Supreme Court of Wisconsin

Judicial Conduct Advisory Committee                                                          OPINION 00-5

Date Issued:   January 8, 2002






      May a reserve judge serve as president of a civic, non-profit organization, a substantial part of whose mission is to advocate social goals through litigation and legislative action?








      A reserve judge wishes to be a candidate for president of a civic, non-profit organization.   The organization is a local branch of a national organization which advocates certain social goals, and actively pursues them using a variety of means, including public protest and civil disobedience, legislative change, and litigation on both national and local levels.  Legal assistance is provided to local branches by the national organization.  Officers of the organization may serve as spokespersons in seeking to advance the organization’s interests.  The president of the local branch serves a two-year term, is elected by local members, and receives no compensation.  The reserve judge acknowledges that recusal would be necessary in any case involving the civic organization. Reserve judges do not have to accept assignments, and there are other reserve or other judges available to handle such litigation.




      The Committee concludes that the issue presented involves provisions of SCR 60.03(2), 60.04(4), 60.05(1), 60.05(3),  and 60.07.


A.  SCR 60.07


      Pursuant  to SCR 60.07(2), reserve judges are not required to comply with SCR 60.05(3)(c)1.b., 2.a., and 2.c.  These exemptions allow reserve judges to participate in some activities regarding service for private organizations to a greater degree than full-time judges.  Examples of such service permitted by a reserve judge, but not by a full-time judge, include personal solicitation of funds for and membership in an organization.  However, pursuant to SCR 60.07(1), all judges must comply with the remainder of the code.  Therefore,  reserve judges are still subject to SCR 60.03, 60.05(3)(c)1.a. and 60.05(3)(c)2.d.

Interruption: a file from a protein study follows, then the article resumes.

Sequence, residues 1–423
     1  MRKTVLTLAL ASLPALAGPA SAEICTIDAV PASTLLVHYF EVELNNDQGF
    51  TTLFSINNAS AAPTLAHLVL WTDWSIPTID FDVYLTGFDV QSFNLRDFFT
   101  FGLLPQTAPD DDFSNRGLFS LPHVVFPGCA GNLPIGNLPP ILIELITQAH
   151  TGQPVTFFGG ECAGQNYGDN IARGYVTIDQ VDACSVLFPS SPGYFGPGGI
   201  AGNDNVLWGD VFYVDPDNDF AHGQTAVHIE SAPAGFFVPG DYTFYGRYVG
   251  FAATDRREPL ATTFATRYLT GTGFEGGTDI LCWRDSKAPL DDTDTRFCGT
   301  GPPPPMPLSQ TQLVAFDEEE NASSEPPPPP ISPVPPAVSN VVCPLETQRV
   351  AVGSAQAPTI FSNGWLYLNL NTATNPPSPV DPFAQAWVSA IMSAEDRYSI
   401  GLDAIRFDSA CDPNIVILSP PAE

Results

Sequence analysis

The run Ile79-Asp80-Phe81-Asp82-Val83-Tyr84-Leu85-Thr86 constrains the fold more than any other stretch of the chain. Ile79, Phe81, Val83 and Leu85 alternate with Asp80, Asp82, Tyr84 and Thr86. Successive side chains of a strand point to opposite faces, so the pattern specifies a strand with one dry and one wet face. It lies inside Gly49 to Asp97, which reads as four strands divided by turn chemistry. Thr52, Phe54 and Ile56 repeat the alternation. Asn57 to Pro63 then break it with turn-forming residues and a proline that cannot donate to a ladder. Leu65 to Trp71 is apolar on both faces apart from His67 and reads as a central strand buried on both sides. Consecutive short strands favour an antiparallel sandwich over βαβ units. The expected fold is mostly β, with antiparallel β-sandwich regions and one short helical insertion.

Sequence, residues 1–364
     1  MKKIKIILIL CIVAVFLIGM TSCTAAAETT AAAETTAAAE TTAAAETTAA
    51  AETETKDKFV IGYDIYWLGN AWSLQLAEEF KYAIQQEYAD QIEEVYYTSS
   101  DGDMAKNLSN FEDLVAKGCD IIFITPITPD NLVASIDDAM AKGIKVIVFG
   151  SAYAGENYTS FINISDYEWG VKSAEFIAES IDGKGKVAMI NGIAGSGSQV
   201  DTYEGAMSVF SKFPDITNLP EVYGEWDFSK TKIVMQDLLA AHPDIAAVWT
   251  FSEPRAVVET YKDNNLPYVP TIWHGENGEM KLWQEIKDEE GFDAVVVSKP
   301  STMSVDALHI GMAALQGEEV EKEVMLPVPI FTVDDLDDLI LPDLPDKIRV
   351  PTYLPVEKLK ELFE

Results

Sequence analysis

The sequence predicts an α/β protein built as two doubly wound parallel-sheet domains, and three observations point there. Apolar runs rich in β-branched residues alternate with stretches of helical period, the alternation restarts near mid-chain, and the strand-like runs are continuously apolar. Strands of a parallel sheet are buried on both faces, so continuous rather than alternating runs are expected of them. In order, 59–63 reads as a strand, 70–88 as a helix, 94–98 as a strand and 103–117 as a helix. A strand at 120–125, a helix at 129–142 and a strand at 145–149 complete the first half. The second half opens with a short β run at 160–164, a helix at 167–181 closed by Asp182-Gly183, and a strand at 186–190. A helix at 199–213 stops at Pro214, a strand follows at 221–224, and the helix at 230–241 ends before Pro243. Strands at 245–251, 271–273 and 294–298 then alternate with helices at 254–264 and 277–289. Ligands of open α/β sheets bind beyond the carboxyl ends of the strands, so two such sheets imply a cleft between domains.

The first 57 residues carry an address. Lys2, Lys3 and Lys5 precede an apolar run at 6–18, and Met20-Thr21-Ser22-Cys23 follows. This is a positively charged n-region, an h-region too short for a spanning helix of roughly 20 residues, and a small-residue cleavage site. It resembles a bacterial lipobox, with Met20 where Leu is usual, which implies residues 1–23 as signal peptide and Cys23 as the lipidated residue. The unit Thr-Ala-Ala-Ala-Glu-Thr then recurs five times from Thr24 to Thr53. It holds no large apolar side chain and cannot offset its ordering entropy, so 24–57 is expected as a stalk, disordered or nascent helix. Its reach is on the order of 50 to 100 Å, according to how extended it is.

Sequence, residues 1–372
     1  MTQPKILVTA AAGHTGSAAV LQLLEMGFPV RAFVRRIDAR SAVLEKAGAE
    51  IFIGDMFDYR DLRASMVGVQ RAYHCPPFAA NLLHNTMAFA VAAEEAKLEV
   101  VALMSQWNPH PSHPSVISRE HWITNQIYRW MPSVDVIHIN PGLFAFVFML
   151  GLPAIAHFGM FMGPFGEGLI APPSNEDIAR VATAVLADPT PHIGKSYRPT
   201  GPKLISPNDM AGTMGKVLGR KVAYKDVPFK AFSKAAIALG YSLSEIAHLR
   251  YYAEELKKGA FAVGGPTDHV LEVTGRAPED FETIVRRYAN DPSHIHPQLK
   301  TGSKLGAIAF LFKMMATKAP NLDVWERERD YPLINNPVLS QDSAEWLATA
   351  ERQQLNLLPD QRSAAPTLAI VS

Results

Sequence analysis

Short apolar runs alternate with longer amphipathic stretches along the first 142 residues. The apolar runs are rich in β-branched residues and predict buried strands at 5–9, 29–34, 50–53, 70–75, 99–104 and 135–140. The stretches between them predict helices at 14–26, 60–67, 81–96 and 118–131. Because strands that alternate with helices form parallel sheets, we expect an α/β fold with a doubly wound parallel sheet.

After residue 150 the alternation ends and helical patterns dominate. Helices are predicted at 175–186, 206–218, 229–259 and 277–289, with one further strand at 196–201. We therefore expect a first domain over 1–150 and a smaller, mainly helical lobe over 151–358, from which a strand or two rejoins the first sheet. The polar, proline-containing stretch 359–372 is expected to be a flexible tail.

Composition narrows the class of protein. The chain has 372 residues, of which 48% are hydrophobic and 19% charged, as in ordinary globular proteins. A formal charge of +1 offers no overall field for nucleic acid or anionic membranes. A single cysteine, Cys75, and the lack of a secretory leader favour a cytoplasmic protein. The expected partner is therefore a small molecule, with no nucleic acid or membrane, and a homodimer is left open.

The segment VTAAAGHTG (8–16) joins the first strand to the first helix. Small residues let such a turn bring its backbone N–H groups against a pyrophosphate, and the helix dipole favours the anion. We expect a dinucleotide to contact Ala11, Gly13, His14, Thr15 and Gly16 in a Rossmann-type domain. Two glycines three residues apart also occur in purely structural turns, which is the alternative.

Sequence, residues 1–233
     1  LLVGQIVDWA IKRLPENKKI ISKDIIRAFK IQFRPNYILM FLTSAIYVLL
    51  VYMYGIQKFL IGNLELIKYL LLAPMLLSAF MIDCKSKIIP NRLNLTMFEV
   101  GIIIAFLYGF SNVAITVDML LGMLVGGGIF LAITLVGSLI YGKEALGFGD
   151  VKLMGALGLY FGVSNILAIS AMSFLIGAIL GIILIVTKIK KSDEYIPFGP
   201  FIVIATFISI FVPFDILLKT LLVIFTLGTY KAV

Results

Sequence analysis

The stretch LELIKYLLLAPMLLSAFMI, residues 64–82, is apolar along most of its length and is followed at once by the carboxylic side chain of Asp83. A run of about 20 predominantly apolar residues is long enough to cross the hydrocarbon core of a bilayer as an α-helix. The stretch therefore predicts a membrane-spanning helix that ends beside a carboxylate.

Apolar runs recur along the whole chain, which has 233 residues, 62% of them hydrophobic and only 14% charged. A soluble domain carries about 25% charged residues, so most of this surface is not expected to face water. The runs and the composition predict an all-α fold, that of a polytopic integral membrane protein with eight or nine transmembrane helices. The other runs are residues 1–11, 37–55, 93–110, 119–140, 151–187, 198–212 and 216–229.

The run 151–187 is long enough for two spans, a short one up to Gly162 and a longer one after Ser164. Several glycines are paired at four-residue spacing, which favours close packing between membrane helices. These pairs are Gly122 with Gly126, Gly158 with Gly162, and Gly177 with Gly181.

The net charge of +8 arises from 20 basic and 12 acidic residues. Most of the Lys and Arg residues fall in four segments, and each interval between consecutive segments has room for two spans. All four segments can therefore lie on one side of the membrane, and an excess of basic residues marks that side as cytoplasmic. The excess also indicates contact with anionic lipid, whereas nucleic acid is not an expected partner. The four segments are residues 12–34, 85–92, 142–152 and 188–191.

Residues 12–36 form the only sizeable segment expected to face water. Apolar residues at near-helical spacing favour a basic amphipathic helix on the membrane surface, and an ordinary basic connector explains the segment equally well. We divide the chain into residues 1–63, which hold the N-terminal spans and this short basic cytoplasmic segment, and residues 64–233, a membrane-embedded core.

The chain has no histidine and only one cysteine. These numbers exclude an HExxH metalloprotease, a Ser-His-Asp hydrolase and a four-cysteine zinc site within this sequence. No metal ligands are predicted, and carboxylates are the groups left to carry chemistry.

B.  SCR 60.03(2)


      Reserve judges are not exempt from SCR 60.03, which states:


A judge shall avoid impropriety and the appearance of  impropriety in all of the judge’s activities. 


      In addition, SCR 60.03(2) states:


A judge may not lend the prestige of judicial office to advance the private interests of the judge or of others . . . 


      To satisfy this provision of the Code while serving as president of a civic organization, a judge must not be identified as a judge when speaking for the organization.  This may be difficult, particularly in public appearances, since the news media often identify the occupation of newsworthy individuals.  The president of an active, advocacy-oriented civic organization is frequently in the public eye, often by design.  For example, it is likely that the organization’s president would be expected to lead any campaign on issues of concern to the organization.  Further, individuals within the organization could inadvertently use the judge’s title in discussing or publicizing the work of their organization’s leader.  Such use of a judge’s title in connection with his or her work in this civic organization could constitute using the prestige of judicial office to advance the interests of the organization, which is prohibited by SCR 60.03.  The committee concludes that such a violation is highly probable in this case.


C.  SCR 60.05


      Reserve judges are not exempt from all the provisions of SCR 60.05.  That section is entitled:  “A judge shall so conduct the judge’s extra-judicial activities as to minimize the risk of conflict with judicial obligations.”


      SCR 60.05(3)(c) permits all judges, not just reserve judges, to serve as an officer of a civic organization, “subject to the following limitations and the other requirements of this chapter.”  Limitations within SCR 60.05(3)(c)2.d are applicable to all judges.  As stated above,  reserve judges are not specifically exempt from this provision and must comply with it as well.    SCR 60.05(3)(c)2.d. states:  a judge “may not use or permit the use of the prestige of judicial office for fundraising or membership solicitation.”  The comments to that section make clear that: 


A judge may be a speaker or guest of honor at an organization’s fund-raising event provided there is no advertising of the judge as speaker or guest of honor in order or encourage people to attend and make contributions and provided that any contributions at the event are made prior to the judge’s speech or presentation as guest of honor.



Use of an organization letterhead for fund-raising or membership solicitation does not violate subd. 2 provided the letterhead lists only the judge’s name and office or other position in the organization and, if comparable designations are listed for other persons, the judge’s judicial designation.